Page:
Kamala Harris Becomes First Sitting Vice President to March in a Pride Event

Vice President Kamala Harris made history again on Saturday, becoming the first sitting VP to march in a Pride Event as she was joined by Second Gentleman Doug Emhoff at Capital Pride

Kamala Harris
Photo: Anna Moneymaker/Getty Images

Vice President Kamala Harris has made history once again, becoming the first sitting Vice President to march in a Pride event.

Harris participated in a march with Second Gentleman Doug Emhoff on Saturday during Capital Pride in Washington, D.C. She wore a "love is love" t-shirt as she walked with other Pride-goers to a rally at Freedom Plaza, telling them, "Happy Pride!"

She spoke briefly at the event, advocating for the passage of the Equality Act while expressing her and President Joe Biden's commitment to advancing LGBTQ rights. "We need to make sure that our transgender community and our youth are all protected. We need, still, protections around employment and housing," Harris said, according to NBC Washington. "There is so much more work to do, and I know we are committed."

The Vice President also observed the fifth anniversary of the Pulse Nightclub shooting on Twitter, paying tribute to the 49 people who were killed at the Orlando gay club on June 12, 2016.

"Five years ago, 49 LGBTQ+ people and allies were enjoying an evening out at Pulse Nightclub," she wrote. "And then, in an instant, they were gone. Today, we remember those who died and their loved ones-and we recommit to building a world free from gun violence."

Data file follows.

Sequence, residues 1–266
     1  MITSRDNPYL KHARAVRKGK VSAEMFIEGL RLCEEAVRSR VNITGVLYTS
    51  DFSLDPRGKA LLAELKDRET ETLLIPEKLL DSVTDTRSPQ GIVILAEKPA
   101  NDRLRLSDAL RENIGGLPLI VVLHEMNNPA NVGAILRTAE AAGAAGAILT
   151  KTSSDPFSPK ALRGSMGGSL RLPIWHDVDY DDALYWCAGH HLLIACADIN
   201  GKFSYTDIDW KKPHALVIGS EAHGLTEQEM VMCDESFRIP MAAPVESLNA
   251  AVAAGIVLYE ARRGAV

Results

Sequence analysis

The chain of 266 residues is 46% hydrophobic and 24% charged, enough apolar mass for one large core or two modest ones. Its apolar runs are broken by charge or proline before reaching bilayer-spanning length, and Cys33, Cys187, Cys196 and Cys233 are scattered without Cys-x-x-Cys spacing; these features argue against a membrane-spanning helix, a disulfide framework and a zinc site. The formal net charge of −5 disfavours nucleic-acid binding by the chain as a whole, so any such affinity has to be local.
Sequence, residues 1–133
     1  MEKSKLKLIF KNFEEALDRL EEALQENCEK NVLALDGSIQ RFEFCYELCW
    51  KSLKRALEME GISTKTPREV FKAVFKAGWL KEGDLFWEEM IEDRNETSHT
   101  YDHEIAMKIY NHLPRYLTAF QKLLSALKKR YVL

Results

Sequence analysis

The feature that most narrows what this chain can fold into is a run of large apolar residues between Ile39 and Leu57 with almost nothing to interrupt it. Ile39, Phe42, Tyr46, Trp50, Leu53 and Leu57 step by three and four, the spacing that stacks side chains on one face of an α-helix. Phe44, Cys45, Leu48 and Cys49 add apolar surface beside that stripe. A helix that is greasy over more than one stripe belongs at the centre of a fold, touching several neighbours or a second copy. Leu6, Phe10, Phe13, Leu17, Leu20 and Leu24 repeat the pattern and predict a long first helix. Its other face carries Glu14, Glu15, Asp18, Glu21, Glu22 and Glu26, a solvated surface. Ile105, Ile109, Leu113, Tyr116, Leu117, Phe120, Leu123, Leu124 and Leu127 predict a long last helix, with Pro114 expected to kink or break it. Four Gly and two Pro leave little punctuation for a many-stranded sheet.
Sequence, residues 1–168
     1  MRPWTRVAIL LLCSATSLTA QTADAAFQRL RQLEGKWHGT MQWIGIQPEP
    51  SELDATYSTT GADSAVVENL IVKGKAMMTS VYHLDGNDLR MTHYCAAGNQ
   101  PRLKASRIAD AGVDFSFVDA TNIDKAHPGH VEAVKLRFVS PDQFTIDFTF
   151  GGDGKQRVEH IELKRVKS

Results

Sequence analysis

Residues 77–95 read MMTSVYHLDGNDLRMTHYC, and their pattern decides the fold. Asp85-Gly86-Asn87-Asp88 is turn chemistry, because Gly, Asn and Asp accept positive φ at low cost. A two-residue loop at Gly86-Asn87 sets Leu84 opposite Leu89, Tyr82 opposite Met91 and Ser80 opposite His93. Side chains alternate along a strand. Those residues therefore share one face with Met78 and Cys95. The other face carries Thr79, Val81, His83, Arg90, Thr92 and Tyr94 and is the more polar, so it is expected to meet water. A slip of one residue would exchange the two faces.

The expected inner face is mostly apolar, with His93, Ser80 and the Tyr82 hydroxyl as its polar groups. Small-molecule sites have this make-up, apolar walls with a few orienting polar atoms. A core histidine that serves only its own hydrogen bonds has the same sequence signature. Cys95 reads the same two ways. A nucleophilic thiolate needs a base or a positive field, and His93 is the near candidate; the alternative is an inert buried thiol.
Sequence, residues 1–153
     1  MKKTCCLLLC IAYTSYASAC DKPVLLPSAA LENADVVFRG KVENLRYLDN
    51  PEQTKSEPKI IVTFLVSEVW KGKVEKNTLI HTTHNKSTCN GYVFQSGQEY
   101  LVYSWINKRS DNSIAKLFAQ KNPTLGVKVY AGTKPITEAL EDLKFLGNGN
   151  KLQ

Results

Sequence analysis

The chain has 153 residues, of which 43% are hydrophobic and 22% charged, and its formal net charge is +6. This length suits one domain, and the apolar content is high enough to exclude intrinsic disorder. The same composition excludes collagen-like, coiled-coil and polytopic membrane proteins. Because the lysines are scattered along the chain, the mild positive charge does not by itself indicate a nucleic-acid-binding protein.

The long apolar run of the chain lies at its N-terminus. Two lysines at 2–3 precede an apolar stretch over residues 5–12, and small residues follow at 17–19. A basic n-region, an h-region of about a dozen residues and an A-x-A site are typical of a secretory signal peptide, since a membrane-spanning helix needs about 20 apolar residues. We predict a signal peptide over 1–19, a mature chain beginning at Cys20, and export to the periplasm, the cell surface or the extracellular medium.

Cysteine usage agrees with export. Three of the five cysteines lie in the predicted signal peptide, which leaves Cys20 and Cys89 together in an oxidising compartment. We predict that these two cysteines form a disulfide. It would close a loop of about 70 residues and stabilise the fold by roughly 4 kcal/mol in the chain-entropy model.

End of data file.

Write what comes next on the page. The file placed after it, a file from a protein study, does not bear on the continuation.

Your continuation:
Harris' post came as President Biden issued his own statement announcing that he'll sign a piece of legislation to name the nightclub a national memorial, which recently passed the House and Senate. He also advocated for stricter gun control and the passage of the Equality Act, acknowledging that the LGBTQ community is disproportionately impacted by gun violence, particularly transgender women of color.

"In the memory of all of those lost at the Pulse nightclub five years ago, let us continue the work to be a nation at our best-one that recognizes and protects the dignity and safety of every American," Biden said in his statement.

The Biden/Harris administration has made LGBTQ issues one of their priorities, restoring transgender healthcare protections and removing Donald Trump's ban on transgender military members. One of Biden's first executive orders was calling for an end to discrimination based on gender identity or sexual orientation.

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"Children should be able to learn without worrying about whether they will be denied access to the restroom, the locker room, or school sports," the order read. "Adults should be able to earn a living and pursue a vocation knowing that they will not be fired, demoted, or mistreated because of whom they go home to or because how they dress does not conform to sex-based stereotypes. People should be able to access healthcare and secure a roof over their heads without being subjected to sex discrimination."

This year's Pride Month comes during an uncertain time for the LGBTQ community. As of March, there were 192 anti-LGBTQ bills under consideration in state legislatures across the country, according to HRC. Of those, a record 93 directly target transgender people.

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